This was one school year in the life of Abdul-Qahar and his brothers, Ali and Manaje.

And this is the story Abdul-Qahar told that afternoon at Stout School of Education.

Abdul-Qahar spent an hour in front of the 12-member panel. When he walked out, he was followed by one of the panel members. The panel member, a man, walked straight up to Battle.

“I can’t believe what he just said to me,” he told Battle.

Right then, Battle knew. His former player, his team’s leader, would get a chance to reach his dream.

“I’ve seen students in their circumstances quit because they don’t feel like they had someone in their corner,” says Battle, a 15-year educator who is now a middle-school principal in North Carolina. “But Kamil, there is no quit in him. All three of them believed they could accomplish things. All it takes is hard work.”

Abdul-Qahar with his friends from HPU right before Halloween last year. Left to right are Henry Coyle, Evan Campbell (standing), Sam Handler, Lane Shiflet at and Grant Hill (the face inside the pumpkin).

Abdul-Qahar is now a Nido R. Qubein Scholar. He received a scholarship from the Nido Qubein and Associates Scholarship Fund, which has helped more than 800 students in the High Point area afford college over the past three decades.

A longtime supporter of HPU who heard Abdul-Qahar’s story also has provided the rest of the money Abdul-Qahar needed to attend High Point University. Abdul-Qahar knows who the supporter is – they talk often — but the supporter has wished to remain anonymous.

“How do you deny a child who has been through what he has been through and excel the way he has?” Battle asks.

Abdul-Qahar is a member of HPU’s Student Leadership Program, and he mentors students studying science.

As an electronics media production major, he spent last summer researching how music affects men and women differently as part of the Undergraduate Summer Research Institute, better known on campus as SuRI.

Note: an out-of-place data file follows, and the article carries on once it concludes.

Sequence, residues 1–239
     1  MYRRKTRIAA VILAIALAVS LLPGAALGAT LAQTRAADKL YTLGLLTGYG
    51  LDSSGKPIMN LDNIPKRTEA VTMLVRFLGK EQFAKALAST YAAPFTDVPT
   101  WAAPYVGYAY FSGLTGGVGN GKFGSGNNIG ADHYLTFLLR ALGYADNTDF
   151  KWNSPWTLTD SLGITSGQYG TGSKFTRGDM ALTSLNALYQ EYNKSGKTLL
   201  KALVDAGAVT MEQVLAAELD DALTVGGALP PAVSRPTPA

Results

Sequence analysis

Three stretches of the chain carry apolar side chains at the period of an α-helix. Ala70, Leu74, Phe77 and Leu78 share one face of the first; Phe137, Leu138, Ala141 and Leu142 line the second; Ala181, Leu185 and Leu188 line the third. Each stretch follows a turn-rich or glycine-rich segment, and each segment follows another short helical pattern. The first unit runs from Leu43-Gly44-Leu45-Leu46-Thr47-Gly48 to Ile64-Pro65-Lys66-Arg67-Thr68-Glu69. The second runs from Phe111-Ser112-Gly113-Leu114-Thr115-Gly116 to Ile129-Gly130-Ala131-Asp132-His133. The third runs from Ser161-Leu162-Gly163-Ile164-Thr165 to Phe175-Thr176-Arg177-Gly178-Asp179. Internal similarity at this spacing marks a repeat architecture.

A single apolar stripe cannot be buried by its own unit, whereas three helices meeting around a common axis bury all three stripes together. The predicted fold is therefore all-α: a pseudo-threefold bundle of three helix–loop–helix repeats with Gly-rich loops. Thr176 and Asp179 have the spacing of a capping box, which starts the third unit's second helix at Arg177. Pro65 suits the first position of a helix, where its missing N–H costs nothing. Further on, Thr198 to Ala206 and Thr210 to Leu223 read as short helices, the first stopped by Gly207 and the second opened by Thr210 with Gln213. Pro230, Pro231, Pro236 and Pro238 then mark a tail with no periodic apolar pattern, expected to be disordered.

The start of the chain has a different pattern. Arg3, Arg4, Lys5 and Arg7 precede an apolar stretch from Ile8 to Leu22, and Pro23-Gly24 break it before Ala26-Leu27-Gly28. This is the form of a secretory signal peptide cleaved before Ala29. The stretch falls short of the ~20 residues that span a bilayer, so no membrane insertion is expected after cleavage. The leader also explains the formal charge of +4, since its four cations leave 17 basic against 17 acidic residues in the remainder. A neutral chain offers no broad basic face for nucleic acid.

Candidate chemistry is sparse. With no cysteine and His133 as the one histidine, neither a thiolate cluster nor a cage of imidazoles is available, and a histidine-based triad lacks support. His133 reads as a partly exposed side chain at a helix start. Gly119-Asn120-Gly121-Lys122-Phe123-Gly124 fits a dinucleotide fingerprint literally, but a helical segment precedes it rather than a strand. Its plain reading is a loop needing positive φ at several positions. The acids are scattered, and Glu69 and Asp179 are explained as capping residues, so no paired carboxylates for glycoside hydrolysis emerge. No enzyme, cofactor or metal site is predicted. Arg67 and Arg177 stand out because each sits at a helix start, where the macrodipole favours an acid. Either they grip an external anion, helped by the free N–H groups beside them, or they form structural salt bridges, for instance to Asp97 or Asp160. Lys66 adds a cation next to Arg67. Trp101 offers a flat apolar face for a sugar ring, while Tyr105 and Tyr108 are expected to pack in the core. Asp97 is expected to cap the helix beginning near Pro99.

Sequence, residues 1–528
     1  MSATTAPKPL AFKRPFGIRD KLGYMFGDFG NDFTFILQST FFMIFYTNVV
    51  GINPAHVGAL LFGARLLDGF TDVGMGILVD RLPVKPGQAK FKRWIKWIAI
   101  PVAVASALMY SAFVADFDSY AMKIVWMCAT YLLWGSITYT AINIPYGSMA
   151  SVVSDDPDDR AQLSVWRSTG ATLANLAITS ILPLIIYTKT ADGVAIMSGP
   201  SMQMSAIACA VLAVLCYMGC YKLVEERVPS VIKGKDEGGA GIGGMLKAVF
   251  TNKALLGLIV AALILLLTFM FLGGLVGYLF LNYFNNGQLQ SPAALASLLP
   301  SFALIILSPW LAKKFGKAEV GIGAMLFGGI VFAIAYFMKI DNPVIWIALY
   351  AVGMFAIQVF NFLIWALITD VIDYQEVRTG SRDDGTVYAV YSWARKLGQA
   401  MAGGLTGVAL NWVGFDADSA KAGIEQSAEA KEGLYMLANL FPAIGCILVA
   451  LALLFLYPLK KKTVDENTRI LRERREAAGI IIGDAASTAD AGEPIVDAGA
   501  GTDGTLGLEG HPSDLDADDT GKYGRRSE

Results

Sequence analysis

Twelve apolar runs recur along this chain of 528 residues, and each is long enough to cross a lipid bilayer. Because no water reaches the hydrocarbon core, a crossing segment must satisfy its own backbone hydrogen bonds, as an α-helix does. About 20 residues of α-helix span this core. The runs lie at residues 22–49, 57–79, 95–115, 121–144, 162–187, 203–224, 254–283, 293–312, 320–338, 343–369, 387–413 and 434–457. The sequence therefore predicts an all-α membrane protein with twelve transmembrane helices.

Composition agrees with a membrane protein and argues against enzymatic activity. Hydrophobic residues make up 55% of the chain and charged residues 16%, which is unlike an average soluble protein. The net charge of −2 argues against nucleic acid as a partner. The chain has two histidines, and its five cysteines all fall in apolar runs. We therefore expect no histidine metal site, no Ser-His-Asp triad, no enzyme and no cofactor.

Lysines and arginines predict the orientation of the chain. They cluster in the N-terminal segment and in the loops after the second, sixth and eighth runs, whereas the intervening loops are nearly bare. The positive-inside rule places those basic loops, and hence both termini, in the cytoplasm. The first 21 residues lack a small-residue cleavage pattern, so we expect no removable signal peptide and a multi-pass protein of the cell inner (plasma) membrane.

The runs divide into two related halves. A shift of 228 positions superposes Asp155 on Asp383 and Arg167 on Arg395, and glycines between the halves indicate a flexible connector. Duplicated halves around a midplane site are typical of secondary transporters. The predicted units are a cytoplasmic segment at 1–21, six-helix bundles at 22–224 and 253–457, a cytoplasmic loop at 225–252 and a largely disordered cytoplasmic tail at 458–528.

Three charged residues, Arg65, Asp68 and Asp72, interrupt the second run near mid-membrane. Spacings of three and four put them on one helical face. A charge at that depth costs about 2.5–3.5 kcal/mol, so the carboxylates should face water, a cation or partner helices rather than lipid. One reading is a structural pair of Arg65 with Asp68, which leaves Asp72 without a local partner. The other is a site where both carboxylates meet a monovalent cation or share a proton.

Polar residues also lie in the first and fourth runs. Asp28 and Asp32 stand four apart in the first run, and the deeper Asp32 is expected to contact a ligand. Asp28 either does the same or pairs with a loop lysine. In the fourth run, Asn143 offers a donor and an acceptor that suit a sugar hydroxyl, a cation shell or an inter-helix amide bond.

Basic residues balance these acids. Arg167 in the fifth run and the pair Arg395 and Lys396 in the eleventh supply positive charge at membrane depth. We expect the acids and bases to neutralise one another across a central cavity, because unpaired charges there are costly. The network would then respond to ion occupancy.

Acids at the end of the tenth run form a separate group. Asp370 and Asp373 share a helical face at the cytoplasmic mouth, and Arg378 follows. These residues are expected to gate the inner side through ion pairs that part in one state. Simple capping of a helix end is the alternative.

As a filmmaker, Abdul-Qahar has produced at least 50 videos, many of which he produced with HPU senior and Massachusetts native Henry Coyle, his best friend since their sophomore year.

As an RA, Abdul-Qahar has helped dozens of first-year students navigate college life.

“He’s the best role model,” says Jordan Gregory, the coordinator for residential services. “He has such wonderful positive energy, and he is a light on my staff. He jumps in on any task and says, “If you need me for anything, Jordan, I’m here.’”

 

“The Future Feels So Bright”

Abdul-Qahar has always been an RA in Blessing Hall. The irony of the name is not lost on him.

“I’m a firm believer in that kind of irony,” he says. “It’s a blessing that I’m here.”

Why?

Abdul-Qahar takes photos to help him stop and appreciate life more, and he shares what he finds with others. This photo, taken last summer at sunset, is from Lane Shiflet’s home in Virginia.

“When I found out I got the scholarships, I cried,” he says. “I viewed it as a miracle. I couldn’t believe that I could tell myself, ‘I’m going to be able to go college, and I’m going to one of the best universities in the world.’ I still believe that.

“I know it sounds cheesy, but High Point University is an inspiring environment because everyone here is trying to do great things in life, and that motivates me to keep going.”

Abdul-Qahar will keep going. After he graduates in May, Abdul-Qahar wants to study filmmaking at Kyoto School of Art and Design, a school in Japan where his favorite directors have attended.

“I wouldn’t be here if it wasn’t for Jesus or Allah or someone up there, but someone spoke to these people who’ve helped me and kept me going,” he says. “There’s a reason I’ve made it this far. I don’t know what that is, but it’s exciting. I like not knowing what will happen. The future feels so bright.”

Abdul-Qahar believes that. Battle does, too.

“Who knows what he will be able to do?” Battle says. “He is a special young man.”